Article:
Amateur angler

Keen cyclist

Recovering addict

Andy’s story

It started how it does for so many: I was a social drinker. Like a lot of people, I started drinking in my mid-late teens, but it started to escalate in my early twenties. I had money to spend and was too focused on material things. Then I started to get into drugs as well and things just spiralled out of control from there. I lost relationships and jobs because of my drinking and using. Soon I felt like I’d given up and my addiction became even more entrenched. I started committing crime and getting caught – I was in and out of court all the time. In hindsight now, I can see that what I was doing was so linked to my drug and alcohol use – I’d get angry because of the drugs or alcohol and do something silly.

I first went to rehab in 2003. I got clean and stayed completely sober for three months, but deep down I didn’t think I had a problem with drink. When I moved into my own place, I struggled to pay my bills and I soon turned back to drink, which led back to drugs. I’d managed to get a job and a relationship not long after rehab, but after I relapsed the relationship broke down and I started getting back in trouble to feed my addiction.

I’d have massive ‘blowout’ days and they kept getting worse and the consequences got greater

I did my best to look after myself for the next couple of decades and had my ups and downs – sometimes I wasn’t nearly as bad as I’d been. But, although I was in a better place, I couldn’t let go of drugs and alcohol altogether. In 2015, I moved from Sheffield down to Surrey, where I’m originally from. I arrived back at my Mum’s house still drinking and using – she tried to help but I still wasn’t ready to change.

In October that year, my dad died. I started attending ‘fellowship’ meetings (groups like Alcoholics Anonymous and Narcotics Anonymous) but I still wasn’t quite ready to let go of drugs and alcohol completely. If anything, the grief of my dad dying made my addiction worse. I’d have massive ‘blowout’ days and they kept getting worse and the consequences got greater. It felt like I’d just gone back to my early days of drinking and using. I just couldn’t put drugs and alcohol down. I also had to find somewhere else to live.

A couple of months following my dad’s death, after things had been getting steadily worse, I had one of those life-changing deep and meaningful conversations with a friend. I can’t recall exactly what we talked about, but something inside me clicked and I knew I needed to get sober. That was in February 2016, and I haven’t touched a drug or a drink since.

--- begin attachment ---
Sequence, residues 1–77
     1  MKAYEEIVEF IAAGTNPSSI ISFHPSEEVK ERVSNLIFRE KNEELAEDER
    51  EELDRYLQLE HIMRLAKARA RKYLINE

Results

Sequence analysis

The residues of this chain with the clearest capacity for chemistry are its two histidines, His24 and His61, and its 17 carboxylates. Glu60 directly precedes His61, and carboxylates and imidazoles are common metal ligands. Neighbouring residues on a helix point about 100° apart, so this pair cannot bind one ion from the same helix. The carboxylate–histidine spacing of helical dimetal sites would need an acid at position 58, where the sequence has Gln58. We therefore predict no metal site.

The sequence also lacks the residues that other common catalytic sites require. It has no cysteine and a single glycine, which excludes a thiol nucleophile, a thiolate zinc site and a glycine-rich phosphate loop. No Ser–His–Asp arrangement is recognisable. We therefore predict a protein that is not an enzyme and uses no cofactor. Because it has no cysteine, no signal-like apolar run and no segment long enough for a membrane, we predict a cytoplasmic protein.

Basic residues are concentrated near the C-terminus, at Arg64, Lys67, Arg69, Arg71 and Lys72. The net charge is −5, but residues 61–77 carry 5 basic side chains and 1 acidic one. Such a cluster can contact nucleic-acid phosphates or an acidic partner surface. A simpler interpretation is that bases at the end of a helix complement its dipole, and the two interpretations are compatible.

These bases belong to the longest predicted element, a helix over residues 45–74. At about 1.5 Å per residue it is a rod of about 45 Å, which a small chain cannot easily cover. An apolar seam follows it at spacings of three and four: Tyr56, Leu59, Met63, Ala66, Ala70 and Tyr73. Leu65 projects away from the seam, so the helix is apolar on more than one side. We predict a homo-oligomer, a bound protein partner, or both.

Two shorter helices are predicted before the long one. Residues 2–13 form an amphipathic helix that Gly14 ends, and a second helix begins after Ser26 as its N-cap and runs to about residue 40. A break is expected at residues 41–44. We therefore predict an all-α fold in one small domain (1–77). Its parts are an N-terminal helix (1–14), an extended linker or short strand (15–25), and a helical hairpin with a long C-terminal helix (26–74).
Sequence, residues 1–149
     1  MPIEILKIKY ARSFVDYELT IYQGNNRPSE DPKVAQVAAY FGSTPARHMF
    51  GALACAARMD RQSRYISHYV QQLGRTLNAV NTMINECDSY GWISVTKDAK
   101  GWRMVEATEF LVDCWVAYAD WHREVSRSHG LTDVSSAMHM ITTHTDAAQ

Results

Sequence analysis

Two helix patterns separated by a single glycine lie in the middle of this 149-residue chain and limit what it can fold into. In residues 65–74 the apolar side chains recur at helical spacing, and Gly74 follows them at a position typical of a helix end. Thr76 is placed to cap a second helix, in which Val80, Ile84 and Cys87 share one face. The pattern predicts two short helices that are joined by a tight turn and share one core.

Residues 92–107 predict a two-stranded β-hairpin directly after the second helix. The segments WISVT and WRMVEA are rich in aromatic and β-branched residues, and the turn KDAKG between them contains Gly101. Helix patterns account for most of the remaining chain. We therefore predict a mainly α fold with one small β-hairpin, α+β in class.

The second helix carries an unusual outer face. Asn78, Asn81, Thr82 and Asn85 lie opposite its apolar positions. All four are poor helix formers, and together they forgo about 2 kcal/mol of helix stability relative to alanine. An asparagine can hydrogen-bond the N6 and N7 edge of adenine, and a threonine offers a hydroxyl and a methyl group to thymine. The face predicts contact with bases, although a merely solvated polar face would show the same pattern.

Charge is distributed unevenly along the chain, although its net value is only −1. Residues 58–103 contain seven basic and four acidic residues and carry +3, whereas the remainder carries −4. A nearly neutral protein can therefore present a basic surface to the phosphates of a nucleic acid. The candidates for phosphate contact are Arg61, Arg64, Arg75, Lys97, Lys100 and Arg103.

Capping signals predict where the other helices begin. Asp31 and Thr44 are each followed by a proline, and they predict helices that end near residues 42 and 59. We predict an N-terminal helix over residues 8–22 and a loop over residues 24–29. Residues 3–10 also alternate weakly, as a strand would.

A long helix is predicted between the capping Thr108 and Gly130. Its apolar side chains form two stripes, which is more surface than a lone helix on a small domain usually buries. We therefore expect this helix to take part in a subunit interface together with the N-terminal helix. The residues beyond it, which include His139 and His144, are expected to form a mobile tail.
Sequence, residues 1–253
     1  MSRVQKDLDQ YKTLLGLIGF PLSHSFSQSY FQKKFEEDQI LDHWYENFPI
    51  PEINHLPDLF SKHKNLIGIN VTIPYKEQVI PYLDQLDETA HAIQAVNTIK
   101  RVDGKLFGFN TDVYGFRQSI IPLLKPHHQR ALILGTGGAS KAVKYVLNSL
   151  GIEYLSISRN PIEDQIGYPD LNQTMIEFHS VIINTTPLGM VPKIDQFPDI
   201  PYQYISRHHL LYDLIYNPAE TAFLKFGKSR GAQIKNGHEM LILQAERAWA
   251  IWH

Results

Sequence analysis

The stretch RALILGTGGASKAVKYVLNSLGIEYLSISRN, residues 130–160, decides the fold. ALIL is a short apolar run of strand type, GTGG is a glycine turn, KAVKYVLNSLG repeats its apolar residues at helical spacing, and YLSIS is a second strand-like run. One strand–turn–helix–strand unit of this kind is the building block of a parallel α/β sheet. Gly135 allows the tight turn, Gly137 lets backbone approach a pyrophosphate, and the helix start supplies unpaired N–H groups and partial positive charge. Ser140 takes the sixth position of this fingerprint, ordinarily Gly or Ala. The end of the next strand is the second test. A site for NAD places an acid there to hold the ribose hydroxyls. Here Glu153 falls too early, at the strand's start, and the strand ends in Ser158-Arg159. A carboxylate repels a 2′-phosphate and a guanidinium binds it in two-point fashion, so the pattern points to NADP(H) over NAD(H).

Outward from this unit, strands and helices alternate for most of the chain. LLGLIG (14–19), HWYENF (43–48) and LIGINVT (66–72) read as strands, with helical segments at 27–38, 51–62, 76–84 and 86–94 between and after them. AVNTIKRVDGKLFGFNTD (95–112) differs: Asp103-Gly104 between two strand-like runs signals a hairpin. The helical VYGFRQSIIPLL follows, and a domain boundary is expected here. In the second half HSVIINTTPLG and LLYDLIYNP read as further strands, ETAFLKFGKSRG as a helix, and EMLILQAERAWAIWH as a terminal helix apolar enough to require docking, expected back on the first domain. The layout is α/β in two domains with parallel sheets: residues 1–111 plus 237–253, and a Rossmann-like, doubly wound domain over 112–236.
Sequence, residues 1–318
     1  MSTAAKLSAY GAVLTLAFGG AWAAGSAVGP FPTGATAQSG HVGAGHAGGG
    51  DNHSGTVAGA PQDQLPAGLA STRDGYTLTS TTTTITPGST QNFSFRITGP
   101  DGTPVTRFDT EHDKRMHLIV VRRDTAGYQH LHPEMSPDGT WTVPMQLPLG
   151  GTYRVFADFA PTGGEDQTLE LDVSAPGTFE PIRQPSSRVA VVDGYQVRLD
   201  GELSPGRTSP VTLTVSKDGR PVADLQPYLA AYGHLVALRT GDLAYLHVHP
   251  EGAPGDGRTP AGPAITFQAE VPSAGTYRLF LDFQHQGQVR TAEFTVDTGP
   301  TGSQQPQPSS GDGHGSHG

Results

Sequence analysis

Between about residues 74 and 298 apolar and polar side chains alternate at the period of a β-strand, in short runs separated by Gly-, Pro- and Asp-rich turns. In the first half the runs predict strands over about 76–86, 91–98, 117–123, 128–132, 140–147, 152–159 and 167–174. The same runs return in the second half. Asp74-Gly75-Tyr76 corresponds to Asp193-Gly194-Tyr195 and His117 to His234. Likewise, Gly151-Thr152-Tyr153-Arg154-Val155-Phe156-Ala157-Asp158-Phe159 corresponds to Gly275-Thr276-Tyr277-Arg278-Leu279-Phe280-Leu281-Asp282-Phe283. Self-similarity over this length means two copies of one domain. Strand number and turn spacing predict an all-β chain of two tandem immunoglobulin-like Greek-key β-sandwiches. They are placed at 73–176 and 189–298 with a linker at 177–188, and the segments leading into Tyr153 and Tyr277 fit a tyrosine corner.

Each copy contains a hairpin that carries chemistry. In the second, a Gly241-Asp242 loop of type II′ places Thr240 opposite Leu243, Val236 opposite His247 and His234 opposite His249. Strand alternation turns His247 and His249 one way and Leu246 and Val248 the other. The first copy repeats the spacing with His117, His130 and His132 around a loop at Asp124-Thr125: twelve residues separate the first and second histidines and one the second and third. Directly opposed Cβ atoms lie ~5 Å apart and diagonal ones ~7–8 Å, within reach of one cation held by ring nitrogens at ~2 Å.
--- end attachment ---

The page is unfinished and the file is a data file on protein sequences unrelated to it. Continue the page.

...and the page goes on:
Both volunteering and fellowships give me a structure and a purpose to my life

Around the same time, I was introduced to Transform Housing and Support, who supported me into one of their dry houses (supported accommodation where residents must remain free from drugs and alcohol). They were wonderful and, with the support of a friend I made in the Transform house, I learned to cook and look after myself. Since then they’ve supported me into other accommodation.

A month after I got sober, I started volunteering. I’ve found it’s been so helpful to my recovery. I’m also attending fellowship meetings regularly too, and they’ve been invaluable. Both volunteering and fellowships give me a structure and a purpose to my life. Since I found recovery, I’ve gotten back into things I used to like but hadn’t really had the time for – like fishing and cycling. I loved fishing as a child but in active addiction, it just fell away. Now I go whenever I can – either with a friend or by myself – it’s a really great way to have some quality thinking time.

I’m living proof that people can change their circumstances if they’re just given a chance

In 2017, a friend introduced me to The Forward Trust. They supported me to start a Level 2 qualification in peer mentoring and also ‘meet and greet’ training. I now do ‘meet and greets’ for them – meeting a Forward prison client at the gate on the day of their release and supporting them with things like appointments and getting to rehab or supported accommodation.

I also volunteer in a charity shop and cheered on Forward fundraisers at the London to Brighton bike ride. It was such a great day and I felt really proud to be involved in the charity – plus I love cycling!

It took me a long time to get where I am today, but I’ve worked hard and things are so different now. I cycle every day, even when it’s raining cats and dogs! Once I’m on the bike, it’s like a form of meditation for me and really helps me to switch off. I’m giving back to a great organisation, learning new skills and I’m hoping to apply to do Forward’s Apprenticeship scheme soon.

My mum is so proud of me and how far I’ve come and I’m proud of me too. I’m living proof that people can change their circumstances if they’re just given a chance.

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